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GOP jockeying in the House after Cantor's defeat

WASHINGTON (AP) — Anticipating a swift shake-up in their leadership, House Republicans jockeyed for position on Wednesday after Majority Leader Eric Cantor's stunning primary defeat to an underfunded and unknown political newcomer.

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In this combination of Associated Press photos, House Majority Leader Eric Cantor, R-Va., left, and Dave Brat, right, react after the polls close Tuesday, June 10, 2014, in Richmond, Va. Brat defeated Cantor in the Republican primary. (AP Photo)

On the morning after his loss to David Brat, an economics professor supported by the tea party, there was quiet pressure on Cantor to step down from his post as the Republicans' second-ranking leader. He gave no public signal that he was considering doing so, although a meeting of the rank and file was set for late afternoon.

Others did not wait for him to make his intentions known.

Rep. Kevin McCarthy of California, who serves as the party whip, was informing fellow Republicans he intended to run to succeed Cantor, officials said, and Rep. Pete Sessions of Texas also signaled an interest.

Rep. Steve Scalise, R-La., was hoping to replace McCarthy in his current spot, officials said.

Cantor met routinely in the Capitol during the day with Speaker John Boehner and other top leaders, but did not speak with reporters afterward.

The maneuvering took place as Brat celebrated his triumph over Cantor in an upset that shocked the party establishment and handed tea party forces their largest victory of the primary season.

"This is a miracle from God," Brat said Tuesday night, in an appearance before supporters.

But as he looked ahead to November's elections, he declined to spell out policy specifics.

"I'm a Ph.D. in economics, and so you analyze every situation uniquely," he told MSNBC in an interview in which he said he preferred to keep the focus on the "celebratory issues" of Tuesday's results.

The victory was by far the biggest of the 2014 campaign season for tea party forces, although last week they forced veteran Mississippi Sen. Thad Cochran into a June 24 runoff and hope State Sen. Chris McDaniel will achieve victory then.

Cantor's defeat was the first primary setback for a senior leader in Congress in recent years. Former House Speaker Thomas Foley of Washington and Senate Democratic leader Tom Daschle of South Dakota both lost their seats at the polls in the past two decades, but they fell to Republicans, not to challengers from within their own parties.

Brat will face Democrat Jack Trammel in the fall, and begins as an overwhelming favorite. The district is solidly Republican, and Democratic officials said they do not anticipate committing money or other resources as long as it remains a two-man race and Cantor does not decide to mount a write-in campaign.

The outcome may well mark the end of Cantor's political career, although at 51 he has plenty of time to attempt a future comeback. Aides did not respond Tuesday night when asked if the majority leader would run a write-in campaign in the fall.

But the impact of Cantor's surprise loss on the fate of immigration legislation in the current Congress seemed clearer still. Conservatives will now be emboldened in their opposition to legislation to create a path to citizenship for immigrants living in the country illegally, and party leaders who are more sympathetic to such legislation will likely be less willing to try.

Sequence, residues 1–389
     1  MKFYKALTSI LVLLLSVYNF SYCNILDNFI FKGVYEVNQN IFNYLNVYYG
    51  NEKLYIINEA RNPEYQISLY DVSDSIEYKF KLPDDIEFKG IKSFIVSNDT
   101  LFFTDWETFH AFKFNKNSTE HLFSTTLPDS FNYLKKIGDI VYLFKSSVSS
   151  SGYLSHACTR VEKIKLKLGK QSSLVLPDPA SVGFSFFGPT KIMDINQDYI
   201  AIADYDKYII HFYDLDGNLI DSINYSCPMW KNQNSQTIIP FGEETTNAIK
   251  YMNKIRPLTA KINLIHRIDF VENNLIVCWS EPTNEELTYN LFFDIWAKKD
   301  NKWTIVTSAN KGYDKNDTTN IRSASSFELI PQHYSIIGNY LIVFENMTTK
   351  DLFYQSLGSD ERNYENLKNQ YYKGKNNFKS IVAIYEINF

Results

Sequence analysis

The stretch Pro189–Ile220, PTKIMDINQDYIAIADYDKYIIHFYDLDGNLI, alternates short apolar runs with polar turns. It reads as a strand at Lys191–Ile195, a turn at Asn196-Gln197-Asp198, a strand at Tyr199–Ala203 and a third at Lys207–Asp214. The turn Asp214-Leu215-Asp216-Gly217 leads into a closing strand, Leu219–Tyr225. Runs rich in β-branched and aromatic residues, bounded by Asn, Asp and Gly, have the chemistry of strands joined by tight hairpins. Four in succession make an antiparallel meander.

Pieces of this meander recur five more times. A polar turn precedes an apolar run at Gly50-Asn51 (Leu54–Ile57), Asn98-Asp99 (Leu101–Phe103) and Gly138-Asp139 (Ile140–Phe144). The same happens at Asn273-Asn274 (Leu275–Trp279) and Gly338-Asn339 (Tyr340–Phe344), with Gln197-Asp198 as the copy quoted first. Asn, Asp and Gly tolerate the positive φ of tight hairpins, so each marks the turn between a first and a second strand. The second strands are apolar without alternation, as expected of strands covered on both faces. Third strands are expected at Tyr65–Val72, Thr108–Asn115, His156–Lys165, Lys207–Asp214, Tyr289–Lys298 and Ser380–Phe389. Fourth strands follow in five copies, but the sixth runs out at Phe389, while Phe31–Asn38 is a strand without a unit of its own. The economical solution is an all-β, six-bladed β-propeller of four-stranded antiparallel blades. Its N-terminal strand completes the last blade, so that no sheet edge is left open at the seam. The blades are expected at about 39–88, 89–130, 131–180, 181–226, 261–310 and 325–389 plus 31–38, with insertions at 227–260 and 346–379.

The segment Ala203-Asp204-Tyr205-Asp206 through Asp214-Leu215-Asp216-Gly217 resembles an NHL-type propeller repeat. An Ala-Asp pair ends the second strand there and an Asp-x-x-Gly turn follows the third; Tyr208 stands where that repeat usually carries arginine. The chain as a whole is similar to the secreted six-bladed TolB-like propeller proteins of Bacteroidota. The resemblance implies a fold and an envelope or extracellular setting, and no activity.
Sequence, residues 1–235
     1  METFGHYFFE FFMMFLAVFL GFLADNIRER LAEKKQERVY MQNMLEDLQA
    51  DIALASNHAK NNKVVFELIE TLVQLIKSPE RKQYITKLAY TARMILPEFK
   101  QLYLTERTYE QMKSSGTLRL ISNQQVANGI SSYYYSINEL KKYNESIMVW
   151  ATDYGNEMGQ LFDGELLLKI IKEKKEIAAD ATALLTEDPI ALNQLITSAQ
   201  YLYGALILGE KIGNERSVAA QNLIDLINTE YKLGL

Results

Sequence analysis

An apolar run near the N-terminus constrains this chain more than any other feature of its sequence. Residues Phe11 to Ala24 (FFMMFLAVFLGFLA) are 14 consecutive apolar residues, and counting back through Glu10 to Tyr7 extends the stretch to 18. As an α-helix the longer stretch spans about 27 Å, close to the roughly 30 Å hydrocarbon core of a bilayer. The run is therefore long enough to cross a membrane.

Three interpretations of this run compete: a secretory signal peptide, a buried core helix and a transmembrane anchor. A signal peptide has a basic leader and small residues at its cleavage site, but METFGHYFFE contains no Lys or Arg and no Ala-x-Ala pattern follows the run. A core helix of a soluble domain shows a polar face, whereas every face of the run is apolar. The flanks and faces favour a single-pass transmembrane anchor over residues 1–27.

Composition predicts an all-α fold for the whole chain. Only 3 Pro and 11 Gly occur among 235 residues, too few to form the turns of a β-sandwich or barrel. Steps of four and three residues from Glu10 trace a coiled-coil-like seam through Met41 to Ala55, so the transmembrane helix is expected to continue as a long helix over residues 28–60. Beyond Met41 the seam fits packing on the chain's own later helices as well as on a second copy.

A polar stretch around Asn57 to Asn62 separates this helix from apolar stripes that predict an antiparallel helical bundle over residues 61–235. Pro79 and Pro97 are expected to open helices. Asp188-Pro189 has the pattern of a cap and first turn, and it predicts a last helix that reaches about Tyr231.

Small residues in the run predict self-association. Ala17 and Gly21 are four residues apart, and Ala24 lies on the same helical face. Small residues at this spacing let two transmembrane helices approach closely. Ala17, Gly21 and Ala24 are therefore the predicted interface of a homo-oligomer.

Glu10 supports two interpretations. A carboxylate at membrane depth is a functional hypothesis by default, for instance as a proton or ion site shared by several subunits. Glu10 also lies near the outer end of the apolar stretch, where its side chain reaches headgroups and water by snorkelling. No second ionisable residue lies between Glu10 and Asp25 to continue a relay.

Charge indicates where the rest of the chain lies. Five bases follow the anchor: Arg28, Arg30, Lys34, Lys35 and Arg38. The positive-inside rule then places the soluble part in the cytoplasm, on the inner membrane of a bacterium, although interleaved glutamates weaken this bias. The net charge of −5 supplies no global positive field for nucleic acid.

Many Republicans say the party can ill afford to stick to an uncompromising stand on the issue, given the increasing political influence of Hispanic voters.

And a Democrat, Rep. Xavier Becerra of California, put it even more bluntly.

"For Republicans in the House, my sense is they are now squeezed between doing things the tea party way or doing things the American way," he said in an appearance Wednesday morning on MSNBC.

Appearing on the same network, Rep. Peter King, a New York Republican, said he was worried that the message from Cantor's stunning loss may be even more congressional gridlock. Asked if he thought immigration legislation was dead, King replied, "I'm concerned that Ted Cruz supporters, Rand Paul supporters, are going to use this as an excuse" to shut down the government.

"This is not conservatism to me," King said. "Shutting down the government is not being conservative."

Cantor had been tugged by two warring forces in his party and in recent weeks sought to emphasize his opposition to far-reaching immigration legislation as Brat's challenge gained force. Last month, a feisty crowd of Brat supporters booed Cantor in front of his family at a local party convention.

Still, neither he nor other House leaders betrayed any serious concern that his tenure was in danger, and his allies leaked a private poll in recent days that claimed he had a comfortable lead over Brat.

In the end, despite help from establishment groups, Cantor's repudiation was complete in an area that first sent him to Congress in 2000.

With votes counted in 99 percent of the precincts, 64,418 votes were cast, roughly a 37 percent increase over two years ago.

Despite that, Cantor polled fewer votes than he did in 2012 — 28,631 this time, compared with 37,369 then.

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